Transposed Wills: The Supreme Court on Interpretation of Contracts

In 1999, Alfred and Maureen Rawlings each decided to
execute a will leaving everything to each other and, should the other not
survive, to Terry Marley, whom they treated as their son. Their solicitor
prepared two simple wills in accordance with these instructions: each will was
a mirror image of the other. He presented it to them for signature. Unfortunately,
Mr Rawlings signed Maureen’s will and Mrs Rawlings signed Alfred’s will. There
was not the slightest doubt that this was a mistake. Could the court nevertheless
give effect to the testator’s intention? No, said Mrs Justice
Produman
and the Court of Appeal.
Yes, says Lord Neuberger, in giving the Supreme Court’s widely anticipated judgment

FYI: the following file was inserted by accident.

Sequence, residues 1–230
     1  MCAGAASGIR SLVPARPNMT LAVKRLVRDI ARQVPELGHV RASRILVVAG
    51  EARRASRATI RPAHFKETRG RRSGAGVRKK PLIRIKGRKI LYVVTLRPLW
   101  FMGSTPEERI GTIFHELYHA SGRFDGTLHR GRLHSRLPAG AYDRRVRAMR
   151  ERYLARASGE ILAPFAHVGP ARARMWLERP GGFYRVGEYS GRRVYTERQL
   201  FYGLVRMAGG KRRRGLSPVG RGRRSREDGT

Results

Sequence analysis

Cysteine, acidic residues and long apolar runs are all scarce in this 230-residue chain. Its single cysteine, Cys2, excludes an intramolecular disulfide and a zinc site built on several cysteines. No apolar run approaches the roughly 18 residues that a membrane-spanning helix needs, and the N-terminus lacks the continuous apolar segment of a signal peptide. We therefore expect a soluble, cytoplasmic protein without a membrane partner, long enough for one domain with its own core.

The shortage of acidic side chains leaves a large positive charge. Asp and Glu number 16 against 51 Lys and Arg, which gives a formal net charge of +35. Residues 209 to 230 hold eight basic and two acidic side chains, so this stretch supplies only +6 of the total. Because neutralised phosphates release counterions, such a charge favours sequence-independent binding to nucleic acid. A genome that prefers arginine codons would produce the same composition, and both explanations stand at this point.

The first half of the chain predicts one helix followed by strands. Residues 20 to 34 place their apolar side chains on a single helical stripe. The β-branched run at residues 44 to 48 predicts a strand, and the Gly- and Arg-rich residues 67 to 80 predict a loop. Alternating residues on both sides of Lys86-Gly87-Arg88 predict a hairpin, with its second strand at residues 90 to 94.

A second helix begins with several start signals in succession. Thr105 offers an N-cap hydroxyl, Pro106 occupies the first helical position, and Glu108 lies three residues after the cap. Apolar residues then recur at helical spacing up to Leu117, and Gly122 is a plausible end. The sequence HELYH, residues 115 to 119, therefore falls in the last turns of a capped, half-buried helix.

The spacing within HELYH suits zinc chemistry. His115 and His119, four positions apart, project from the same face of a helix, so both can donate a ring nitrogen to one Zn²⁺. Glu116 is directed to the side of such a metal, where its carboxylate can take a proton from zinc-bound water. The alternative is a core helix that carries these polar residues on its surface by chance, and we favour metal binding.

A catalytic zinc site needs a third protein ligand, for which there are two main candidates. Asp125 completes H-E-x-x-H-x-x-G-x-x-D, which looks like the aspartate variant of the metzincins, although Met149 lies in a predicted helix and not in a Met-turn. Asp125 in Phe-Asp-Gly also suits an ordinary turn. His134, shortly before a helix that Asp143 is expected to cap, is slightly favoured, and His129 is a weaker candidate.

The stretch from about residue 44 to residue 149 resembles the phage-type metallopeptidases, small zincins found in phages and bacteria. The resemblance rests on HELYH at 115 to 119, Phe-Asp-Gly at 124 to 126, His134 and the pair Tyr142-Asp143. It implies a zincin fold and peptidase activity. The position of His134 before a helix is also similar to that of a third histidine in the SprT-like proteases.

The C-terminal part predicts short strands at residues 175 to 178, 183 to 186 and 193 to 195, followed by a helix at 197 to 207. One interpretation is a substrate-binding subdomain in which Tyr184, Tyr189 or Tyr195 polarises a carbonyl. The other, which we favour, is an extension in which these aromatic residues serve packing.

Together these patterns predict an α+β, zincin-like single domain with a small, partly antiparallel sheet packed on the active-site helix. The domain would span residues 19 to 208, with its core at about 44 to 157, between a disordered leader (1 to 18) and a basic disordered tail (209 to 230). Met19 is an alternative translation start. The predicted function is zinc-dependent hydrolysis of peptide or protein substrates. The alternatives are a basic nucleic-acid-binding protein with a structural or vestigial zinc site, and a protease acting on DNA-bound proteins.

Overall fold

this week in Marley
v Rawlings
, which contains some important (and controversial)
observations about the interpretation of commercial contracts.

There is little more to be said about the facts,
except that the mistake did not come to light when Mrs Rawlings died in 2003. It
was discovered only on Mr Rawlings’ death three years later. As Mrs Rawlings
had predeceased him, Mr Marley would inherit if the will was valid. If the will
was invalid, Mr Rawlings be treated as having died intestate, and the property would
pass to his natural sons. Mr Terry Rawlings, the natural son, duly contested
the validity of the will. Mr Marley admitted that Mr Rawlings had signed the
wrong will but contended that the court had the power to rectify it. In
the general law, there was some doubt over whether the jurisdiction to
rectify—which undoubtedly did and does exist for contracts—can be exercised for
wills. In 1982, Parliament intervened to expressly confer the power by way of section
20 of the Administration
of Justice Act, 1982
. But the argument for Mr Terry Rawlings was that: (1) this section only applies if ‘a will
is so expressed that it fails to carry out the testator’s intentions’; there is
no ‘will’ unless it has been signed by the testator (under section 9(a) of